Entries in Space (21)
I bet you've never seen the annual Geminid meteor shower like this before. The awe-inspiring video was created by filmmaker and photographer Henry Jun Wah Lee, who clearly has an eye for beauty.
Lee camped out under the stars in Joshua Tree National Park for three nights during last year's meteor shower to create the video.
Feeling festive? Show the residents of the International Space Station some holiday cheer -- and boredom-breaking humanity -- by sending them a holiday e-card!
If you're not the e-card type, head over to Twitter to send a Season's Tweetings message. (Yes, NASA went there.)
Just think: Your words will be read in space -- or by some intern in Houston.
Spending months aboard the lonely International Space Station can get boring. That's where an astronaut's creativity comes in to play.
Check out Japanese astronaut Satoshi Furukawa playing one-man zero-gravity baseball. As a huge baseball fan, Furukawa loves to play--even if he has to pitch, bat and catch.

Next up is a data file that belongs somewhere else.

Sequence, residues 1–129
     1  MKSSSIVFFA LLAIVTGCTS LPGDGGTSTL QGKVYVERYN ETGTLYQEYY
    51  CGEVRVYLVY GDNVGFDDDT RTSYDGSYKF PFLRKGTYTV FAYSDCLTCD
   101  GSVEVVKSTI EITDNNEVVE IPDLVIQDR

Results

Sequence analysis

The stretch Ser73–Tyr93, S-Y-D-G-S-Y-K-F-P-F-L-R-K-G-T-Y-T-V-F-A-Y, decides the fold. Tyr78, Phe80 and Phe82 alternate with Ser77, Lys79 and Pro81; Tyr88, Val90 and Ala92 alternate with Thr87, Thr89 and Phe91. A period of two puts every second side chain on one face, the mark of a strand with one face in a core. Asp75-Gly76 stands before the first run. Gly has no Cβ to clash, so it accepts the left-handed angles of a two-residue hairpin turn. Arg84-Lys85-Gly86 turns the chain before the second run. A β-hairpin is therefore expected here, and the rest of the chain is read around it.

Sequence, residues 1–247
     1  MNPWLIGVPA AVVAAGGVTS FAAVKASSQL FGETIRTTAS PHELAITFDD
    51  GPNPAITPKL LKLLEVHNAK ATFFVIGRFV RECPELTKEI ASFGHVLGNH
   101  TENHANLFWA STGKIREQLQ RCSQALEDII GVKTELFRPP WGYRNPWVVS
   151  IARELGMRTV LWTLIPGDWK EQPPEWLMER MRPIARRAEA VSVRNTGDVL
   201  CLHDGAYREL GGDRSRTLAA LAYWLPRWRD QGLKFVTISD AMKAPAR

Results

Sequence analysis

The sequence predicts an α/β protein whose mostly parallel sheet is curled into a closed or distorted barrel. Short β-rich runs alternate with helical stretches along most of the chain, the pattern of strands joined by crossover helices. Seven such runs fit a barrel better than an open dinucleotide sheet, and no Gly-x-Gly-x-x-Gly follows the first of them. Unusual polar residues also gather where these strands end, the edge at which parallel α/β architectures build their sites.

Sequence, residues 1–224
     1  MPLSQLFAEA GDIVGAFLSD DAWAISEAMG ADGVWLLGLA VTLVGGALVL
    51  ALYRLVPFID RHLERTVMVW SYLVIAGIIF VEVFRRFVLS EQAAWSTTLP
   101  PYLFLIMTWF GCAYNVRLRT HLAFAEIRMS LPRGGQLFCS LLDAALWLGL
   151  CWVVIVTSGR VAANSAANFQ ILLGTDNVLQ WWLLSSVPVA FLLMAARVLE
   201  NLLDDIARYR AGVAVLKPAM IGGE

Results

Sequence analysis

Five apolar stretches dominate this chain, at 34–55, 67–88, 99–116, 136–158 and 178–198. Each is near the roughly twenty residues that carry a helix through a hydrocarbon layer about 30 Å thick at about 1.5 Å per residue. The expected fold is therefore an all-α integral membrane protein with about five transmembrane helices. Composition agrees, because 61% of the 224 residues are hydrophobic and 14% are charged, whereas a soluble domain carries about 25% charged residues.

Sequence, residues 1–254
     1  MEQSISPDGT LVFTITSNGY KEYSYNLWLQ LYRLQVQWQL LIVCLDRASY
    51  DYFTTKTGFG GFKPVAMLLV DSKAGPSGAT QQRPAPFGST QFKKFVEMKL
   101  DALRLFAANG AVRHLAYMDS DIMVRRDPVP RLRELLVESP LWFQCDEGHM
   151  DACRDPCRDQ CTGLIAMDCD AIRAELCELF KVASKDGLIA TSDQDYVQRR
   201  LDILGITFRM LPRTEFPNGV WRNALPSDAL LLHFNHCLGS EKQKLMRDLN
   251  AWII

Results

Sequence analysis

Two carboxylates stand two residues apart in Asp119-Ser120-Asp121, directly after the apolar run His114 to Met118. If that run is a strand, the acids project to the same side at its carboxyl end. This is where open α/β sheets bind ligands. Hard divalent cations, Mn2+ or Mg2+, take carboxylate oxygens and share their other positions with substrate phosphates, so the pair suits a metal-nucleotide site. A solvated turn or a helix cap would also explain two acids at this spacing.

If you, like every other kid in America, once dreamed of becoming a NASA astronaut, your time has finally arrived.
NASA announced yesterday that it is accepting applications for the agency's next class of the Astronaut Candidate Program.
NASA will accept applications through January 27, 2012. After applicant interviews and evaluations, the agency expects to announce the final selections in 2013. Training will begin that summer.
Qualified individuals can submit their applications through the federal government's USAJobs.gov website. Those selected will be among the first to pioneer a new generation of commercial launch vehicles and travel aboard a new heavy-lift rocket to distant destinations in deep space.
"For 50 years, American astronauts have led the exploration of our solar system," NASA Administrator Charles Bolden said in a press release. "Today we are getting a glimpse of why that will remain true for the next half-century. Make no mistake about it, human space flight is alive and well at NASA."
To qualify, you need a bachelor's degree in engineering, science or math and three years of relevant professional experience. But be forewarned: successful applicants frequently have significant qualifications in engineering or science or extensive experience flying high-performance jet aircraft. Educators teaching kindergarten through 12th grade with these minimimum degree requirements also are encouraged to apply.
To apply, visit the NASA website here.